The old joke in healthcare research is that nearly every study concludes that more studies are needed. But two new studies on the high cost of low-benefit prostate cancer treatments support that humorous observation.
In one study, published in the Journal of the American Medical Association, researchers found that men with prostate cancer who were at low risk for dying from that condition or were at high risk of dying from other causes received an increasing number of advanced-treatment technologies such as intensity-modulated radiotherapy and robotic prostatectomies.
In a study published in the Annals of Internal Medicine, researchers found that keeping close watch on low-risk prostate cancers in men aged 65 and older rather than initiating radiation or surgical treatment prolonged life expectancy by two months longer than the more advanced treatments and was $10,900 to $24,200 cheaper.
“Aggressive direct-to-consumer marketing and incentives associated with fee-for-service payment may promote the use of these advanced-treatment technologies,” the JAMA report stated. The authors also noted that the increased use of intensity-modulated radiotherapy, or IMRT, and robotic prostatectomy could largely be explained because they were replacements for other therapies such as external beam radiation treatment, or EBRT, and open radical prostatectomy. The authors noted that startup costs for IMRT and robotic surgery facilities are close to $2 million.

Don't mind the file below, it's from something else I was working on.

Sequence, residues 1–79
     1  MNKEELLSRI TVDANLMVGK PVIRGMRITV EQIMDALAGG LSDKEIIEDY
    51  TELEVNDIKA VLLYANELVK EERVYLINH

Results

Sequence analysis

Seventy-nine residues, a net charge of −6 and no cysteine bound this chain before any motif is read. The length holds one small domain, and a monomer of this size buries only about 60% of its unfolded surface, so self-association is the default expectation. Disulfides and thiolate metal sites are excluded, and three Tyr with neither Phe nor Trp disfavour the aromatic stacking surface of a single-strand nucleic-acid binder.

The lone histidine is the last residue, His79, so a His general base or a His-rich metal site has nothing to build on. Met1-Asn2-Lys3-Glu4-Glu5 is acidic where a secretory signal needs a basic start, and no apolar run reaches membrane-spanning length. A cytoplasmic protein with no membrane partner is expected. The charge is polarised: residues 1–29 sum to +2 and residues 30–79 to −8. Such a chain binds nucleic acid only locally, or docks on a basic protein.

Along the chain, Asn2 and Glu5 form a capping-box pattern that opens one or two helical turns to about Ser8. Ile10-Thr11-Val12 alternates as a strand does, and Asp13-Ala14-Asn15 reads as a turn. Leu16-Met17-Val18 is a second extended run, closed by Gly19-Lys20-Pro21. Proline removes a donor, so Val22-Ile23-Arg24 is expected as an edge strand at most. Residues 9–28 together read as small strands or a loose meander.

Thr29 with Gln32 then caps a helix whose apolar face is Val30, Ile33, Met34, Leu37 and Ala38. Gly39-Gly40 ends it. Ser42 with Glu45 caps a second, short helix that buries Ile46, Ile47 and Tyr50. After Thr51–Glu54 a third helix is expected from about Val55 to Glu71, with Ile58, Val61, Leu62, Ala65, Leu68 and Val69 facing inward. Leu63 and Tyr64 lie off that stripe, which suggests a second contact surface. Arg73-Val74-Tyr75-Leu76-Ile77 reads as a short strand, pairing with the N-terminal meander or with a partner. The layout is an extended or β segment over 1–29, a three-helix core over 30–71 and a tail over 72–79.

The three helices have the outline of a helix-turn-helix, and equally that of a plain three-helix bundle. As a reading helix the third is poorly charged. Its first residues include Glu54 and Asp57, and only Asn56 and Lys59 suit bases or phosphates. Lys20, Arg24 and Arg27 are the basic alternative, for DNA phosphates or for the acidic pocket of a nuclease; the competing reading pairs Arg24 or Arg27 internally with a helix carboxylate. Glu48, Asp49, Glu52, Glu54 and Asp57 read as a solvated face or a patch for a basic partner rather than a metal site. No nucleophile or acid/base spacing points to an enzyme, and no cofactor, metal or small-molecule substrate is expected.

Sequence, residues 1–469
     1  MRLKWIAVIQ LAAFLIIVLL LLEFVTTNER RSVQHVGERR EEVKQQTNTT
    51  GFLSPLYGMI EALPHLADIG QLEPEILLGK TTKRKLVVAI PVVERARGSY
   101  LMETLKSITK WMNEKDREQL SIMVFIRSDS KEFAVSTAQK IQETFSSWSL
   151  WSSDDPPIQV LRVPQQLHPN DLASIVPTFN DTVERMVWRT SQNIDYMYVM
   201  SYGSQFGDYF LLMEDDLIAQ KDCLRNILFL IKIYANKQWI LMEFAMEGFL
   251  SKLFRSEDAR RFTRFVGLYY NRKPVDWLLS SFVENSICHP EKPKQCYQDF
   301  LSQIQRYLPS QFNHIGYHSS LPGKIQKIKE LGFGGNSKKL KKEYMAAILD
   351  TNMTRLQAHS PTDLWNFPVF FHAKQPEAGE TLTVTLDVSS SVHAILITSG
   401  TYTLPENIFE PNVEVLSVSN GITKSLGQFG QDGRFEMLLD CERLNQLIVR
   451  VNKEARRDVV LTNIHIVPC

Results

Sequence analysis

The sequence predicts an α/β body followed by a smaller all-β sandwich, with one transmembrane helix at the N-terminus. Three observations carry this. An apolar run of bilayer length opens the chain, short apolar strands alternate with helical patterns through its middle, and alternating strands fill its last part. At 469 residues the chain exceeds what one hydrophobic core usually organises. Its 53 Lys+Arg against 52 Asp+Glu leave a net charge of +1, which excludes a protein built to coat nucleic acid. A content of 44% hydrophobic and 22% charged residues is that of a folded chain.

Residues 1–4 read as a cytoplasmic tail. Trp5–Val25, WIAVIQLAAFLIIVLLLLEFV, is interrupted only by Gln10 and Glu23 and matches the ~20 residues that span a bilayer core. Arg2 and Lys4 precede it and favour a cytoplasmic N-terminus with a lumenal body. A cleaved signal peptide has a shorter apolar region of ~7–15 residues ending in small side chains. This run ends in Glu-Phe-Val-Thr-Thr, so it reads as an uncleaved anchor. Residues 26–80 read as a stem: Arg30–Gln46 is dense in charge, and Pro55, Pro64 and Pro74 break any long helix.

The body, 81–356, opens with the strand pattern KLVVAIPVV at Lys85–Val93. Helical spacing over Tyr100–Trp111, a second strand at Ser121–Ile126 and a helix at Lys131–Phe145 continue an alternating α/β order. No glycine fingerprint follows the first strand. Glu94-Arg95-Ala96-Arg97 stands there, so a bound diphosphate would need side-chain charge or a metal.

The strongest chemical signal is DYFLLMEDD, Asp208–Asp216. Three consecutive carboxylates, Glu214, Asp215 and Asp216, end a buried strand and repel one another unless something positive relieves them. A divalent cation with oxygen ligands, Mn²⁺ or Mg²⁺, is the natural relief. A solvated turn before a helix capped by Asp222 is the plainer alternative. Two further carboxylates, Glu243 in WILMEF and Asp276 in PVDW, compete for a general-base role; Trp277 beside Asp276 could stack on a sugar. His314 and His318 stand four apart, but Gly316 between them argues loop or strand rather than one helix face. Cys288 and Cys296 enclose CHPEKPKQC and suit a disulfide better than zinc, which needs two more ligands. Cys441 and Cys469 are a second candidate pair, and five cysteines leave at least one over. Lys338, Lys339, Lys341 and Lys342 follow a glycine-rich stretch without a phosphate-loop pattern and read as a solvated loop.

Dr. Ralph Weichselbaum, chairman of radiation and cellular oncology for University of Chicago Medicine, said the authors may be understating the issue. “Doctors are doing a lot of expensive, unnecessary stuff—that seems to be the take-home message,” he said.
The Annals of Internal Medicine study offered a similar message. “Mounting evidence suggests that many men with localized, low-risk prostate cancer are treated unnecessarily at substantial personal and societal cost,” the report stated. Its authors estimated that if the number of men with newly diagnosed low-risk prostate cancer who selected a “watchful waiting” observation strategy increased to 50% from 10%, it would result in cost savings of $1 billion.